If you are planning to grow your business, it is imperative that you implement systems. Systems are critical in just the basic management of your business, but did you know that the use of systems can help avoid legal problems as well?
Establish maximum client debts
Growing your business usually means taking on larger projects, and this usually means having larger accounts receivable. What would be the effect on your business if a client did not pay you? That answer probably depends upon the amount the client owes you. Is it $10,000? $20,000? $100,000? You need to determine that limit — not your client. What is the maximum amount that your business could withstand to lose and still continue to operate comfortably? Whatever that number is, that should be the maximum amount you ever let your client owe you before you stop work. I frequently have contractors tell me that their client has not paid them for months and owes them a huge amount of money. When I ask why they kept working, they tell me they thought the client would eventually pay. In the meantime they are practically mortgaging their own home to keep the client’s project running. And then they usually do not have the funds to file a lawsuit to collect the amount owing!
The maximum limit you choose should also be a guide in setting your payment schedule. No single payment should ever exceed your maximum amount. Explain to your client in advance that you will have no choice but to stop work if the amount outstanding on the project ever reaches your preset amount.
This maximum amount outstanding now becomes your business system for payment schedules, invoicing, stopping work, etc. If the client declares bankruptcy or if the cost to collect the money is too high, it might hurt ,but at least your business will survive.
Establish office policies for collection of information
Growing your business usually means using more subcontractors. It is imperative that your subcontractors be properly licensed and insured. If they are not licensed, they may be considered your employee subject to payroll taxes. If they are not insured, you may end up paying for their mistakes or injuries.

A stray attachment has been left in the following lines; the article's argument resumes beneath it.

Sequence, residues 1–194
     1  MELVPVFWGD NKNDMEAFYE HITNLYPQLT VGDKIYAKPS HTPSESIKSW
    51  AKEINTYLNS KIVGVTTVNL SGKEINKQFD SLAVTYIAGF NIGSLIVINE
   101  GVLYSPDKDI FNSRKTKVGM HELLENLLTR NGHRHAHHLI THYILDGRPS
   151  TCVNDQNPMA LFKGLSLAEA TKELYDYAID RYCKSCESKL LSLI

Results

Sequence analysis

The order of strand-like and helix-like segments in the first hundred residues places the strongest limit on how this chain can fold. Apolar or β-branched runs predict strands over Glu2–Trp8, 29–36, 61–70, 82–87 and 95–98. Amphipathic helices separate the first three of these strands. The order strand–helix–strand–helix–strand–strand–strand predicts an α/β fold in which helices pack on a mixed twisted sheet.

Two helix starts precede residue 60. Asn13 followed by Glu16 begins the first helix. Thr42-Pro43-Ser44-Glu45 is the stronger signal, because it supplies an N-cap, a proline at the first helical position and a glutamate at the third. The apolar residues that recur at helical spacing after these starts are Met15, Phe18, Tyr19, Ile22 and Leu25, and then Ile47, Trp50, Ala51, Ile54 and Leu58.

Every time you hire a new subcontractor, check their license status, get a copy of the their general liability and workers’ compensation insurance certificates and have them name you as an additional insured on their policy. Many contractors will say they do this, but they only do it once when they first use the subcontractor.
Establish a system in your office to annually check the license status of your subcontractors and get an updated insurance certificate. Setting aside a particular day in the year to do this activity prevents it from falling through the cracks and prevents unwanted liability.
Conduct an annual business review
Growing your business usually means leasing more space, hiring more employees, purchasing more equipment and perhaps changing your overall business structure. An annual review with your accountant and attorney is critical. Bring to the meeting a copy of your current contracts, a financial statement (Quickbooks printout will do) and a list of the major things you expect to do in the following year (for example, lease new space, buy equipment, establish a retirement plan). Ask your advisers the following:
- Is there anything I need to do before the end of the year to get a tax advantage?
- Are there any changes to the law that require contract revisions?
- Is there anything I need to consider before I proceed with my plans for the upcoming year?
Your advisers can help you plan in advance, but not in arrears. Don’t wait until it’s time to file a tax return to find out that you would have paid less in taxes if you had just done something a little differently at the end of the year. Putting this annual review system in place provides you with tax and legal protection.
Nancy A. Chillag is a construction attorney in Menlo Park, Calif., practicing for over 20 years. She is the author of Building by the Book: Legal Advice for Contractors. You can reach Nancy at firstname.lastname@example.org or visit her website www.chillag.com.